This is not the first time ASIC have intervened; rather they have shut down another 5 ICO's since April this year and, given the EY results, this has likely saved Australian investors from losing more capital.
Around the world, regulators are looking closely at this ICO phenomenon not just from a consumer protection standpoint, but also from a range of challenging perspectives including fraud, theft, taxation, anti-money laundering, payment systems, financial services and financial stability.
We have fielded numerous enquiries from companies seeking to raise capital via ICO's and in all cases, these companies were under the misconception that ICO's are not regulated and somehow provided an easier mechanism of capital raising.
While the evidence is clear that there is a significant lack of understanding from investors around ICO's, our experience suggests there is also a lack of understanding from would-be issuers and promoters who are wanting to believe that ICO's are not regulated. This is not the case.
So what is an ICO?
ICOs are not the same as Initial Public Offerings (IPO) or crowd-sourced funding, both of which are regulated under the Corporations Act 2001 (Cth) and offer specified investor protections. Many ICOs do not offer legal rights and protections or claims to underlying assets.
In some cases, the ICO may be subject to the Corporations Act; in others, the ICO will be subject to the general law and the Australian consumer laws regarding the offer of services or products.
This means the ICO would be subject to the prohibition against misleading or deceptive conduct, either under the Australian Securities and Investments Commission Act 2001 (Cth) or the Australian consumer laws. Australian law may apply even if the ICO is created and offered from overseas.
Central to the regulation of an ICO is understanding if the ICO meets the definition of "financial product" under Division 3 of the Corporations Act, where the financial product could be, for instance, a managed investment scheme, a share or a derivative.
For example, an ICO could be deemed to be a financial product, in the following circumstances:
* A managed investment scheme, where the value of the digital coins acquired is affected by the pooling of funds from contributors or they are arranged to be collectively managed.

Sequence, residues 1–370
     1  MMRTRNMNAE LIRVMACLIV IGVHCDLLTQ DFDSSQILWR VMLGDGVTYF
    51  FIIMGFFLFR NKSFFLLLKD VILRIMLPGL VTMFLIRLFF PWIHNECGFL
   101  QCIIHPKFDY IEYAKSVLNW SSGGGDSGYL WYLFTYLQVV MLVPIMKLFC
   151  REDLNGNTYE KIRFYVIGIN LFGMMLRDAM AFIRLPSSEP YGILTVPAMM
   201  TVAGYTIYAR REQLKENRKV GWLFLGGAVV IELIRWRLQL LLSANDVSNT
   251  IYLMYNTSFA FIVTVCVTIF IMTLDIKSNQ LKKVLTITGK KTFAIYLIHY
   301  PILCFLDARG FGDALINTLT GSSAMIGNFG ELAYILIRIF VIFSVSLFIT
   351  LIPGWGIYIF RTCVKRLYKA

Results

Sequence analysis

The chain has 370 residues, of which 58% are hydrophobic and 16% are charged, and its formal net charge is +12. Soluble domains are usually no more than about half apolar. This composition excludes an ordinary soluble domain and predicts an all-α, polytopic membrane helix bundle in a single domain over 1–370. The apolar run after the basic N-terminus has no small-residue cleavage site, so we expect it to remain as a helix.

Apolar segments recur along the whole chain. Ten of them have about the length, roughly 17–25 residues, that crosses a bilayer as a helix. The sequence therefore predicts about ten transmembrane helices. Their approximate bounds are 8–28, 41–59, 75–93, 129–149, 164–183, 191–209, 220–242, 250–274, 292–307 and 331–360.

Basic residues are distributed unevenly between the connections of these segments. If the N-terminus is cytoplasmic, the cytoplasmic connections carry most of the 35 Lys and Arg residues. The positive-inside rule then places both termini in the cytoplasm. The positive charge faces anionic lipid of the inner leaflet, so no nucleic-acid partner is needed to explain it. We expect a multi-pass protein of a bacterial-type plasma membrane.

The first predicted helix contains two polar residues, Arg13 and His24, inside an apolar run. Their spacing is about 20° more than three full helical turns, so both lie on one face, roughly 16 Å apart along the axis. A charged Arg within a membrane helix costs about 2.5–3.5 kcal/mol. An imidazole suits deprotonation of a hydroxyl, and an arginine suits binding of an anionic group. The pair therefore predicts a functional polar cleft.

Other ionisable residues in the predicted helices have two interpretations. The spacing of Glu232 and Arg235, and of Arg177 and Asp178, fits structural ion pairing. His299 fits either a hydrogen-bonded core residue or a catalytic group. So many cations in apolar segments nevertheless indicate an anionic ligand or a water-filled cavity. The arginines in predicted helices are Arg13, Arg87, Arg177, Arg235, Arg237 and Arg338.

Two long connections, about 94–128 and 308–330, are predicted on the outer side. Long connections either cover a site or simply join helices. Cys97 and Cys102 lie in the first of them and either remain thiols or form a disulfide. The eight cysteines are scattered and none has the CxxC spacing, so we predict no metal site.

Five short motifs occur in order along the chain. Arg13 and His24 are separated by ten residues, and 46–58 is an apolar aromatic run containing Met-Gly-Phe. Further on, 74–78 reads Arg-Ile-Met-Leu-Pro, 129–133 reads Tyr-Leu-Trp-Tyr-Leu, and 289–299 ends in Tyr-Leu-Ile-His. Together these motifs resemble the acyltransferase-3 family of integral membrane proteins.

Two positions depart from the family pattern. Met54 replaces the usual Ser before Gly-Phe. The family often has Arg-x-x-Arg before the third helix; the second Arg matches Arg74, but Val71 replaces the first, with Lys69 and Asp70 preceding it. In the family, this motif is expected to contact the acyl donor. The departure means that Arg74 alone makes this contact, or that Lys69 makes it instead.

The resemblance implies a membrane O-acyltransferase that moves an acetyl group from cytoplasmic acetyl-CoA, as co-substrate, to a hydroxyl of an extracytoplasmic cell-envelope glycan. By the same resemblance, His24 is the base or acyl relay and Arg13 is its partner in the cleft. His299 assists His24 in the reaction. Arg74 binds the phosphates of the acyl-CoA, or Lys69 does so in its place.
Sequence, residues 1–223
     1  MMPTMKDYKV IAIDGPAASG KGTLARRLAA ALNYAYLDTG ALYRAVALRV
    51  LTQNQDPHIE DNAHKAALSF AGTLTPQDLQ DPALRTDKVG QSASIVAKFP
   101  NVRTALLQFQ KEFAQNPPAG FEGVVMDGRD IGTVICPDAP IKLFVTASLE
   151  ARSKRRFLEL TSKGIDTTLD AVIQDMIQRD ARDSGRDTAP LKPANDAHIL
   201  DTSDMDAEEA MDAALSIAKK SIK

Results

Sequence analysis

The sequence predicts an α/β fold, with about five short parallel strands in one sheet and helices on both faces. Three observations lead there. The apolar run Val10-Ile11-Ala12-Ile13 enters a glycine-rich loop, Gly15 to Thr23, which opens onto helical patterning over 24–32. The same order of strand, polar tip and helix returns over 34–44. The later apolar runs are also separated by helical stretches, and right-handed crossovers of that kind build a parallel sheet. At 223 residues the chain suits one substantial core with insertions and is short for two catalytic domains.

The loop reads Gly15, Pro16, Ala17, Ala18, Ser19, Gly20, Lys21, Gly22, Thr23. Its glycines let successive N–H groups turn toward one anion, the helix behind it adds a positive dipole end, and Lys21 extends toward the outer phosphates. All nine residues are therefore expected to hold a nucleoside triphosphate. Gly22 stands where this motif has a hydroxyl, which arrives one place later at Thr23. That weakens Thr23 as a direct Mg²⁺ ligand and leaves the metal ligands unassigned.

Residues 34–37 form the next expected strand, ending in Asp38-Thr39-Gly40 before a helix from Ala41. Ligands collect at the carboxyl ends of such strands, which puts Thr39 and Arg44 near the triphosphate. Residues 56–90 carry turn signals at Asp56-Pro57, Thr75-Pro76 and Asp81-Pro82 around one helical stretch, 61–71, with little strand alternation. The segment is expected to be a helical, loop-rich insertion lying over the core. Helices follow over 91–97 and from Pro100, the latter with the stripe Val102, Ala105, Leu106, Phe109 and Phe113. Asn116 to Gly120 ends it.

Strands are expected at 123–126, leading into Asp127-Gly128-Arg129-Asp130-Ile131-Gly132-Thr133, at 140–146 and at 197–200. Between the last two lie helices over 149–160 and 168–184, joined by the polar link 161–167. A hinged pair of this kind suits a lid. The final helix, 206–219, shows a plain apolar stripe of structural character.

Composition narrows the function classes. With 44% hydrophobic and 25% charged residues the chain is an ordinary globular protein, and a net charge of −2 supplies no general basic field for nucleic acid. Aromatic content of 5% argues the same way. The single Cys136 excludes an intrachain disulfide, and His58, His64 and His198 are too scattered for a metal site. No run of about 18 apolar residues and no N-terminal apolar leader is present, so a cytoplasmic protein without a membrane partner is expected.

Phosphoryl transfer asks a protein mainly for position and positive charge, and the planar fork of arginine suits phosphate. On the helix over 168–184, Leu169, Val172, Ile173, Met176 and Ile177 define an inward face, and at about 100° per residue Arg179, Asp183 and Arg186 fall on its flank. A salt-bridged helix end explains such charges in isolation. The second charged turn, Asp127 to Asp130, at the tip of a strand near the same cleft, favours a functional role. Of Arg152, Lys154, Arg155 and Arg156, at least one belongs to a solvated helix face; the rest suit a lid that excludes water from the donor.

* An offer of shares, where the rights attached to the token are similar to those attached to a share, such as ownership of the body, voting rights or rights to participate in the profit.
* An offer of a derivative, where the token is priced based on factors such as an underlying market or asset price, and price movements resulted in a payment obligation.
Each of these scenarios are explored below.
When an ICO could be a managed investment scheme
A managed investment scheme is defined within the Corporations Act. The following are basic indicators of whether an arrangement is a managed investment scheme:
- People contribute money or assets (such as digital currency) to obtain an interest in the scheme ('interests' in a scheme are generally a type of 'financial product' and are regulated by the Corporations Act)
- Any of the contributions are pooled or used in a common enterprise to produce financial benefits or interests in property, and
- The contributors do not have day-to-day control over the operation of the scheme but, at times, may have voting rights or similar rights.
An assessment of what rights are attached to the tokens issued under an ICO is the key consideration in relation to assessing the legal status of an ICO. These rights are generally described in the ICO's 'white paper', an offer document issued by the business making the offer or sale of an ICO token. What is a right should be interpreted broadly and includes rights that may arise in the future or on a contingency, and rights that are not legally enforceable. If the value of the token is related to the management of an arrangement as described above, the issuer of the ICO is likely to be offering a managed investment scheme.
In some cases, ICO issuers may frame the entitlements received by contributors as a receipt for a purchased service. However, if the value of the digital tokens acquired is affected by the pooling of funds from contributors or use of those funds under the arrangement, then the ICO is likely to fall within the requirements relating to managed investment schemes. This is often the case if what is offered through the ICO has the attributes of an investment.
When an ICO could be a share
A share is a collection of rights relating to a company. There are a range of types of shares that may be issued. Most shares issued by companies that offer shares to the public are 'ordinary shares', and carry rights regarding the ownership of the company, voting rights in the decisions of the body, some entitlement to share in future profits through dividends, and a claim on the residual assets of the company if it is wound up.